complete pelvic plexus dysfunction (Fig 7).21 Fractures/luxation of sacrococcygeal vertebrae should be stabilised as soon as possible to prevent further traction injury to the cauda equina.21 Because of the size of the coccygeal vertebrae, amputating the tail immediately would provide a simpler and more viable option. Many affected cats present with difficulty in urination as a result of temporary or permanent damage to the pudendal and/or pelvic nerves (Fig 8). Although anatomically the lesion is affecting the LMN, the bladder may be difficult to express due to increased sympathetic tone secondary either to pain or to trauma at the level of the sympathetic sacral spinal chain.23 In these cases, and in cats that have developed reflex dyssynergia (detrusor contraction combined with inadequate urethral relaxation), it is mandatory to provide the necessary pharmacological aids during the recovery period. Various drug combinations can be used for this purpose (see box below). In animals in which there has been complete severance of the nerves (neurotmesis) that supply the bladder sphincter mechanism, the prognosis for recovery of bladder function is hopeless (Fig 9).24 Cats with tail base sensation on presentation are expected to regain urinary continence; reportedly, 60% of cats without tail base sensation on presentation could also regain their urinary continence.24 The prognosis for return of urinary continence is good if anal tone and perineal sensation are present on initial examination. Cats that do not become continent within 1 month usually fail to regain urinary function.25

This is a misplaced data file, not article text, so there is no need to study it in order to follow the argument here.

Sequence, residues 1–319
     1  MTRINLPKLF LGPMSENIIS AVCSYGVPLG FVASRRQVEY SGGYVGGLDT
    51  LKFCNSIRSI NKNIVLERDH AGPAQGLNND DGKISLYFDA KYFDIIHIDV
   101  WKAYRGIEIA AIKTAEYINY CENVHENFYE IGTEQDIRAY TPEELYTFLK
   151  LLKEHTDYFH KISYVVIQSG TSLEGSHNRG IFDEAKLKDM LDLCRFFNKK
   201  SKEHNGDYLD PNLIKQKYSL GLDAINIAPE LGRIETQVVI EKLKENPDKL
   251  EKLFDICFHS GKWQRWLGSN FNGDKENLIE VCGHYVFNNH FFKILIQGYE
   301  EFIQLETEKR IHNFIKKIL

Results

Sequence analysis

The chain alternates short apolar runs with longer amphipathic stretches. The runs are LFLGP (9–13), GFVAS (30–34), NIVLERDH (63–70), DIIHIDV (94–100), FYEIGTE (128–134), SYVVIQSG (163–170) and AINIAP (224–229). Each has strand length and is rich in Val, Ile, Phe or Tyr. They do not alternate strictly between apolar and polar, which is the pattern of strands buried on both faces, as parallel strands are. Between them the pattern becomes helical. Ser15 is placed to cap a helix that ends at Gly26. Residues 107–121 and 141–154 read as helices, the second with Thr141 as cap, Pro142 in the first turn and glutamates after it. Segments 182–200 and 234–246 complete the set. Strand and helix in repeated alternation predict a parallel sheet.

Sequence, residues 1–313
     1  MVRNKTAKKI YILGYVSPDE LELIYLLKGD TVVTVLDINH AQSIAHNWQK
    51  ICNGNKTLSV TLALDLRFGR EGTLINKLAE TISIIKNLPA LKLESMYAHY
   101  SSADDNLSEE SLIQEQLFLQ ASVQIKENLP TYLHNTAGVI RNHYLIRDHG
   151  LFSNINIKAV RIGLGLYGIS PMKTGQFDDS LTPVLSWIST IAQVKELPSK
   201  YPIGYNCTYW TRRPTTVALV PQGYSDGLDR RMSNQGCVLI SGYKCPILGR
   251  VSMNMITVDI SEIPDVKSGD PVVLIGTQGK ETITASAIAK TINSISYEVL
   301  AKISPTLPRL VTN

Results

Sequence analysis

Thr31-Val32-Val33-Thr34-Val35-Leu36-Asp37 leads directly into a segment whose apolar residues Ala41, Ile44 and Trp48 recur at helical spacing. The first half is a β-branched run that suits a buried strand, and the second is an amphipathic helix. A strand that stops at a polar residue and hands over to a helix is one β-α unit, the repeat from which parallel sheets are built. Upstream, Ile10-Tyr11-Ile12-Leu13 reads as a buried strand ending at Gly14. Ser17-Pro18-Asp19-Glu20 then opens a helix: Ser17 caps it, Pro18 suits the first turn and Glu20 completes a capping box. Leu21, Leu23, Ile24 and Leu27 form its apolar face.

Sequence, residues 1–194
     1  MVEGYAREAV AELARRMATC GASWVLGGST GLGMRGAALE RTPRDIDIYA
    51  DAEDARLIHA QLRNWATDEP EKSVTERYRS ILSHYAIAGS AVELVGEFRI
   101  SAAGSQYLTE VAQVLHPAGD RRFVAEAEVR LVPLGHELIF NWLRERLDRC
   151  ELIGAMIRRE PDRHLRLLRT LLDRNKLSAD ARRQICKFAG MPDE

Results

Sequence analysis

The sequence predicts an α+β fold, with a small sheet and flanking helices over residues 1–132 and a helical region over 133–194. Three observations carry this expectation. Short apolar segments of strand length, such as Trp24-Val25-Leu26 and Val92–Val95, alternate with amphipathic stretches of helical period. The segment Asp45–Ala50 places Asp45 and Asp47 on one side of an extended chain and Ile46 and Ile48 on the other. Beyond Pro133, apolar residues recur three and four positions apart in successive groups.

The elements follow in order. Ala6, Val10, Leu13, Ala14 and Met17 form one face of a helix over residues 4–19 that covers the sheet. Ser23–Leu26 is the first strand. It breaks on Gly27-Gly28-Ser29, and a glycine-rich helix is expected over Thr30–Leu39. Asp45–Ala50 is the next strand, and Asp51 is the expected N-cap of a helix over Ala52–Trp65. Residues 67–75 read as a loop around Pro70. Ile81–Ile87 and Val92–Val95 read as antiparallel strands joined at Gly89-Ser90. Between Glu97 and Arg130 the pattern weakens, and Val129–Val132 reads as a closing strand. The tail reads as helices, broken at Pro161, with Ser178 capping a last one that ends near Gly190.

UMN bladder Pharmacological intervention Smooth muscle relaxants ✜ Phenoxybenzamine (0.25–0.5 mg/kg PO q12h) ✜ Prazosin (0.25–0.5 mg/cat PO q8–12h) FIG 8 Neuroanatomy of the bladder. The hypogastric nerve originates from the L2–L5 spinal cord segments in cats and controls the relaxation of the detrusor muscle and contraction of the internal urethral sphincter during the urine storage phase. The pudendal nerve originates from the S1–S3 spinal cord segments and provides sensory and motor innervation to the external urethral sphincter. The pelvic nerve controls contraction of the detrusor muscle during voiding. The possible area of damage to the spinal cord in the case of traction injury secondary to sacrococcygeal luxation is shown in red. Intact spinal cord is shown in white

Striated muscle relaxants ✜ Dantrolene (0.5–2 mg/kg PO q8h) ✜ Diazepam (0.2–0.5 mg/kg PO q4–8h)

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FIG 9 (a) Sagittal T2W MRI scan of an 8-year-old cat showing signal change, loss of integrity of the spinal cord at L7 level (arrow-head) and suspected severe spinal cord damage at the level of the origin of the sacral nerves (arrow). (b) Sagittal STIR image of the same cat showing transection at the level of the origin of the pelvic and pudendal nerves (arrow-head) and soft tissue damage (arrow) ventral to the tail